There can be also employed a method in which an electrostatic latent image on a photosensitive member is transferred to an insulating layer of a transfer paper, followed by developing and fixing. As to the types of developing agents, developing methods and fixing methods, any known types and known methods may be employed, without limitation to any particular ones.
When, on the other hand, the charge-transporting material comprises the positive hole transporting material, the surface of the charge transport layer is required to be negatively charged. Once it is charged and thereafter exposed to light, the positive holes formed in the charge generation layer are injected into the charge transport layer at exposed areas, and subsequently reach the surface to neutralize the negative charge, where the surface potential is decayed and an electrostatic contrast is produced between exposed areas and unexposed areas. In developing, a positively chargeable toner must be used in contrast with the instance where the electron transporting material was used.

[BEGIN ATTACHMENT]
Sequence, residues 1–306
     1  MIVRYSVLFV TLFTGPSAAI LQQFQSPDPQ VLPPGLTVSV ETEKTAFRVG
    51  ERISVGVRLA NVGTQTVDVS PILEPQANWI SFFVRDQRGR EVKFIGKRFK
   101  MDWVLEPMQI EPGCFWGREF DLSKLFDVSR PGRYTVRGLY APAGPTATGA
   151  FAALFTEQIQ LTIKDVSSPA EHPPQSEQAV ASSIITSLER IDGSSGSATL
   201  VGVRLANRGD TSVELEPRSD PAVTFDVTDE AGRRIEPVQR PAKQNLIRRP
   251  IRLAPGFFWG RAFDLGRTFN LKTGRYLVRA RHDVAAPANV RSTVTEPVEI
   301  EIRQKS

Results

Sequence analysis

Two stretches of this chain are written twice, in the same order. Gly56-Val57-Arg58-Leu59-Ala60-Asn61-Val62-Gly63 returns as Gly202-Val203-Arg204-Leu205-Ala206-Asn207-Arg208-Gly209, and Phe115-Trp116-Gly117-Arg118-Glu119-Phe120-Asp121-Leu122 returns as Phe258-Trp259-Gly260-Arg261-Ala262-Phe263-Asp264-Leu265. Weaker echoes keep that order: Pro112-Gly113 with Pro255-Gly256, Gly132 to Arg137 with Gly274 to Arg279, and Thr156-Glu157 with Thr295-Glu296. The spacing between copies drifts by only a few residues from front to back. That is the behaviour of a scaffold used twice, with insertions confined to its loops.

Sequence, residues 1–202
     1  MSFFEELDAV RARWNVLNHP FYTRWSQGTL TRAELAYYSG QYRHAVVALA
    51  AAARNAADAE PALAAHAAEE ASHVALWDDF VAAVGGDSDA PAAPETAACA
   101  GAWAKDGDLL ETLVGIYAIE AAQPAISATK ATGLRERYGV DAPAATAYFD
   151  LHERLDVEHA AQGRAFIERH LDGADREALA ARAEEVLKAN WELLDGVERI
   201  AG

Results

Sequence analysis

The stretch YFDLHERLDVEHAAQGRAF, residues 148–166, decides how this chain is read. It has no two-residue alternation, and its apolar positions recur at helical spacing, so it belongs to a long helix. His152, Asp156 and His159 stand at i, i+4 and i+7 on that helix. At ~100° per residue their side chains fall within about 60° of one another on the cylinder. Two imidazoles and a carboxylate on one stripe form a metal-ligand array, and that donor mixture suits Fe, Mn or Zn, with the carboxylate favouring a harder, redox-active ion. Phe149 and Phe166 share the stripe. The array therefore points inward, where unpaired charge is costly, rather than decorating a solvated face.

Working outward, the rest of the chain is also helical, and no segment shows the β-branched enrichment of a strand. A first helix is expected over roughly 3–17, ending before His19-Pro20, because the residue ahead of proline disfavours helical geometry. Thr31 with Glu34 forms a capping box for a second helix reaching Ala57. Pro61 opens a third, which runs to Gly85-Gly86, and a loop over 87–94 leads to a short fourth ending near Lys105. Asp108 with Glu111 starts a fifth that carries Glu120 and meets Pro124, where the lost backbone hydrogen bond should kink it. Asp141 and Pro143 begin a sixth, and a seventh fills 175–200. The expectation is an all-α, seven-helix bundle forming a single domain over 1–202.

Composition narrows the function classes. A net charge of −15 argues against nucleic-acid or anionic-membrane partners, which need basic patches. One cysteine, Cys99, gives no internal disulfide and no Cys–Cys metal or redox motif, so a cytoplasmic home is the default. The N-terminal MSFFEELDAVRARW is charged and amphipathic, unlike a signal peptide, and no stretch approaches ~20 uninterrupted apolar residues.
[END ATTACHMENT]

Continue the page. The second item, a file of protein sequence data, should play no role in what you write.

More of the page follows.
Another embodiment of the present invention may include an electrophotographic photosensitive member wherein the azo pigment described above is contained in the same layer together with the charge-transporting material. In this instance, a charge transporting complex compound comprising poly-N-vinyl carbazole and trinitrofluorenone can be used in addition to the charge-transporting material described above.